Buy-side traders and brokers have been re-engaging Hong Kong stock exchange officials over the possibility of reinstating the bourse’s closing auction mechanism.

Industry players are optimistic that Hong Kong Exchanges and Clearing (HKEx), the exchange’s holding company, will propose its resumption in a new round of consultation soon.

The mechanism was introduced in May 2008 only to be pulled in March 2009 during the global financial crisis after it was blamed for increased volatility when HSBC suffered a drop of over 20% in a single day that month.

As it stands, the price calculation system takes the last five prints of a stock at 15-second intervals during the final minute of an afternoon trading session up to the 4pm close. It then takes the median of those prints as the closing price and publishes it after market close.

But this system has been heavily criticised and blamed for causing performance slippage among passive index-fund managers, derivatives traders and ETFs since brokers find it hard to trade at the closing level.

In order to trade as close to the final price as possible, brokers have to keep bursting orders into the system to trade at what they predict will be the five nominal prices the system will adopt.

Gerald Greiner, chief operating officer at HKEx, told AsianInvestor that the exchange also recognises a change is necessary. “It's clear to most of us here that we need to come up with a better way to do a closing auction because we really do need one,” he says.

“[But] we need to cover all the concerns there were with the [previous] one. We're doing internal work and we hope we can get consensus. We have no timetable on this yet.”

Earlier this year it emerged that 100% of respondents from Asia TraderForum, a membership group of heads of Asian equity trading, told a Deutsche Bank survey they support replacing the mechanism. These findings were then presented to HKEx in April, and are under consideration.

The closing auction is purely a window for order entering, and orders only get filled based on one single price at the end of the auction. The exchange’s algo will work out at which price level most orders on the stock will get filled.

This closing auction is often correlated with less volatility, in part due to its ability to stem order imbalances and its transparency that maximises buyers’ and sellers’ desire to trade during the auction window.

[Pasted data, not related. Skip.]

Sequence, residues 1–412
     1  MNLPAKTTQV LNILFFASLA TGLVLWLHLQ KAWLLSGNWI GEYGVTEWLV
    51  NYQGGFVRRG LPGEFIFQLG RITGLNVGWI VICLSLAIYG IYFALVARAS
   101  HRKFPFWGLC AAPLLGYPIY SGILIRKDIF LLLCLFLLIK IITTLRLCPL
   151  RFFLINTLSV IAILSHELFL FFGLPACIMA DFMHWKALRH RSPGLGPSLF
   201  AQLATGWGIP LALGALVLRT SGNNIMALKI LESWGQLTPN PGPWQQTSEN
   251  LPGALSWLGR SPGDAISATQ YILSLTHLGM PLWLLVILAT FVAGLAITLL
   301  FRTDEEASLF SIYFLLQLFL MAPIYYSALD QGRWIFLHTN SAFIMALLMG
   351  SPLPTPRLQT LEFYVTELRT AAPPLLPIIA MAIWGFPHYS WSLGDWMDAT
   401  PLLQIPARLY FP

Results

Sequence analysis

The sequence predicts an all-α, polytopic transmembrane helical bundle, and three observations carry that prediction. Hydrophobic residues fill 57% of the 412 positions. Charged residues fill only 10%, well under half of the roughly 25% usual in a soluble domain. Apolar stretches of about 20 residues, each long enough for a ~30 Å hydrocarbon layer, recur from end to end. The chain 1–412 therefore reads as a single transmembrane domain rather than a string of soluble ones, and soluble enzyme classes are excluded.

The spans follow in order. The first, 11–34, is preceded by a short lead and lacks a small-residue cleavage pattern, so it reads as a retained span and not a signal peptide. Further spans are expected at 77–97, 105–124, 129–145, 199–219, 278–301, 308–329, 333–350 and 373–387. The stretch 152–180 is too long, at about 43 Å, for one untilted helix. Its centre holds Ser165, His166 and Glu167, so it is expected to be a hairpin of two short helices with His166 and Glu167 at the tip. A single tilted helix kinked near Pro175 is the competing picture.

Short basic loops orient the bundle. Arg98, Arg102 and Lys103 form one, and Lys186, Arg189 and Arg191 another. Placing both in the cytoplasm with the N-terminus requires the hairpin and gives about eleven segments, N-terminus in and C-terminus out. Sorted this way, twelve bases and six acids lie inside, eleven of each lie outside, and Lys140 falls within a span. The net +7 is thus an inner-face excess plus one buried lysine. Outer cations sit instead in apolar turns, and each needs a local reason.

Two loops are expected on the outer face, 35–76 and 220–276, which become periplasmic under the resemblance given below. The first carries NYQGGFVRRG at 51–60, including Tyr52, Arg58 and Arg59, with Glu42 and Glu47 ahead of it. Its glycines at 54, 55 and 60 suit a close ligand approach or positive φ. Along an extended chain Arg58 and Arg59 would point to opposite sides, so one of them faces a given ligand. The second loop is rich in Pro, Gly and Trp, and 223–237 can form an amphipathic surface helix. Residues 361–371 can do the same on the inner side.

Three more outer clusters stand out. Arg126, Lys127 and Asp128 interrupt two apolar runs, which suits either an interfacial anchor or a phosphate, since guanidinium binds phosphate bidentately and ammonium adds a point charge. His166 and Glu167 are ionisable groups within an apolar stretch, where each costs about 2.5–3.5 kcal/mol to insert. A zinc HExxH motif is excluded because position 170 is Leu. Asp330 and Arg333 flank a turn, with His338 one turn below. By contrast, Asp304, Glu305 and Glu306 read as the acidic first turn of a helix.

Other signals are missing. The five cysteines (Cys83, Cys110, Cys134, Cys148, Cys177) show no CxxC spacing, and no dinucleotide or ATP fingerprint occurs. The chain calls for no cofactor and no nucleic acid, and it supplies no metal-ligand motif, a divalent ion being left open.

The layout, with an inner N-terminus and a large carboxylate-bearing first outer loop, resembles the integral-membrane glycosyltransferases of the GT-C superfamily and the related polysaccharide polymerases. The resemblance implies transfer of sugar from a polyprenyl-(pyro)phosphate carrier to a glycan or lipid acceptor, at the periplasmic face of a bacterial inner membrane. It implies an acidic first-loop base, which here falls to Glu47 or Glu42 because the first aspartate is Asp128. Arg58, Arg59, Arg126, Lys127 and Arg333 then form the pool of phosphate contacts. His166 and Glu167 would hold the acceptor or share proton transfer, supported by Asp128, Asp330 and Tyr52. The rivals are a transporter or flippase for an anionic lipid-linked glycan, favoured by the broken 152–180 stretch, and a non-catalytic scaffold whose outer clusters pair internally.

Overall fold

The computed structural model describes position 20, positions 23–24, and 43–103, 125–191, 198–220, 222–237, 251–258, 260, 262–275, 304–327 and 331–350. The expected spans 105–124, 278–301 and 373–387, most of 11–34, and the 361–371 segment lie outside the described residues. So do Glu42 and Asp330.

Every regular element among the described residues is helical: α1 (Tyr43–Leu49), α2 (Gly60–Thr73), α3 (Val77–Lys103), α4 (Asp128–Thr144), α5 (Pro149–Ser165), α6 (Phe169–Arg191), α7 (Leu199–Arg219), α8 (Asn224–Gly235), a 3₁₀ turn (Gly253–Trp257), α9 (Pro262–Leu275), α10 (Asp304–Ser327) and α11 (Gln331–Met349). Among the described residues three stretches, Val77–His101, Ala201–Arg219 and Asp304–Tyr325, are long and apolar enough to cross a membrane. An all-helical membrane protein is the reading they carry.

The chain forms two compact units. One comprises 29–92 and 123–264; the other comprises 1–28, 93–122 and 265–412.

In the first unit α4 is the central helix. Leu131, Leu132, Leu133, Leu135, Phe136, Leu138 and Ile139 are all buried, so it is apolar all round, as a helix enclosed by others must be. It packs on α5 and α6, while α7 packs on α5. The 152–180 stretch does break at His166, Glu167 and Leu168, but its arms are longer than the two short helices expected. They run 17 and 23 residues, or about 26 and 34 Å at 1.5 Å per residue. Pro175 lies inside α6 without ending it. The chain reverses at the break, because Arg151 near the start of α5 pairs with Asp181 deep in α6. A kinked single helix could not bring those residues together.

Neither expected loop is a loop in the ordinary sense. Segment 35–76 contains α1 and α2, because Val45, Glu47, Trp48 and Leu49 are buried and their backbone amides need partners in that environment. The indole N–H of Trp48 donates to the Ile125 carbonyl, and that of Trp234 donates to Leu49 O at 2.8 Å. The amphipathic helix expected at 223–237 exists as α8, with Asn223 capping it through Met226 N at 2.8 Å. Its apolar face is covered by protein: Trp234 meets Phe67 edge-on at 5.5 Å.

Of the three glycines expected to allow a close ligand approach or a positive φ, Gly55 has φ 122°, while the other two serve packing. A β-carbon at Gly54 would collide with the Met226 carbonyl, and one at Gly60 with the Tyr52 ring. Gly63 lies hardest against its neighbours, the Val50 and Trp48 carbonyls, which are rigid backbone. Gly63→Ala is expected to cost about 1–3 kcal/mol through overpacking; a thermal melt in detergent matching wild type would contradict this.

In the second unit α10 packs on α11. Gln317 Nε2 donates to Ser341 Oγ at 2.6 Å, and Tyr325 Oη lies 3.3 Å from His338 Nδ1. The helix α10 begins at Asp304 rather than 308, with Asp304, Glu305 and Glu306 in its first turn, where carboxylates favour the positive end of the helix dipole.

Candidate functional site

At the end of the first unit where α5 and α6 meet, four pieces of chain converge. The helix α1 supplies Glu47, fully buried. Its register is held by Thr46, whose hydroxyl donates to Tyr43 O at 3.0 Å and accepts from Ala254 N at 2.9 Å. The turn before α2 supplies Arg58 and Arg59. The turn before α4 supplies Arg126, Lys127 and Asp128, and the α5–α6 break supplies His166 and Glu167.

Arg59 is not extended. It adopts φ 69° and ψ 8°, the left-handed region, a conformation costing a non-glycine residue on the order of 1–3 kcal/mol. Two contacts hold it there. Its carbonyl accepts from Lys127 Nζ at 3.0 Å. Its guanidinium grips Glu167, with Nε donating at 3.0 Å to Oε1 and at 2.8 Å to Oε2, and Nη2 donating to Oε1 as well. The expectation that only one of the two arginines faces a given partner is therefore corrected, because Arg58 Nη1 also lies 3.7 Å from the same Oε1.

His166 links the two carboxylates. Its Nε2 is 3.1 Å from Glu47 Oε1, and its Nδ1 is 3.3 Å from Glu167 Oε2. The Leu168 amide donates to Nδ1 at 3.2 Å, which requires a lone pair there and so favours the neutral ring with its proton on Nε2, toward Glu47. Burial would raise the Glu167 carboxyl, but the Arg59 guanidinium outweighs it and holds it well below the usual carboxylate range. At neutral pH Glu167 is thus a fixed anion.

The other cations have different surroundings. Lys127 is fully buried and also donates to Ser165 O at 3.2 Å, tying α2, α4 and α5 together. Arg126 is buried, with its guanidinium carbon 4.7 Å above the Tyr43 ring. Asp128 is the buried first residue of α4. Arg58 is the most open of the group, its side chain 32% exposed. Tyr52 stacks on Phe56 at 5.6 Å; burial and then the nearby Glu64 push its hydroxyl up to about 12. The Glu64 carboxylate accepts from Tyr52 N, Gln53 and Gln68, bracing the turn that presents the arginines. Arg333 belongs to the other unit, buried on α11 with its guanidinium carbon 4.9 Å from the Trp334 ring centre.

The slumping of HSBC’s share price in March 2009 led some participants to suggest the closing auction was open to manipulation – a key reason why the HKEx opted to retract the mechanism in the first place.

However, Deutsche Bank’s global market structure team, led in Hong Kong by Jessica Morrison, recently studied the relationship between the closing auction and trading volatility at close across exchanges in Hong Kong, London, the US and Japan for six months to May this year.

It found that among the Hang Seng Index, FTSE 100, S&P500 and Nikkei 225 benchmarks, volatility on the Hong Kong exchange peaked significantly in the final few minutes. Of the other three with closing auctions, there was no major volatility spike towards the close. 

Citing responses gathered from the survey, Morrison points to measures that exchanges have put in place in London and New York effectively preventing traders from gaming the mechanism or marking the close (moving the price up or down deliberately).

The London Stock Exchange, for example, uses a random start time for the closing auction that varies within 30 seconds so market participants can’t predict when the final price is determined.

“Such randomised start-time arrangement takes away the ability of a trader to put in or cancel an order immediately before the final uncrossing price is determined,” notes Morrison.

The NYSE, meanwhile, allows only closing offset order types to be entered for the last 15 minutes of auction. What this means is that if there is heavy interest on the sell-side of the order book to indicate that the final price will be pushed lower, the last orders on the day can only help to correct such imbalance, she adds.

Respondents to the Deutsche Bank survey, who manage over $500 billion in assets, were some of the largest global asset managers operating multiple strategies, comprising long-only, long/short hedge funds.

Deutsche believes this client base makes up the vast majority of closing volumes as they trade their portfolios to benchmarks.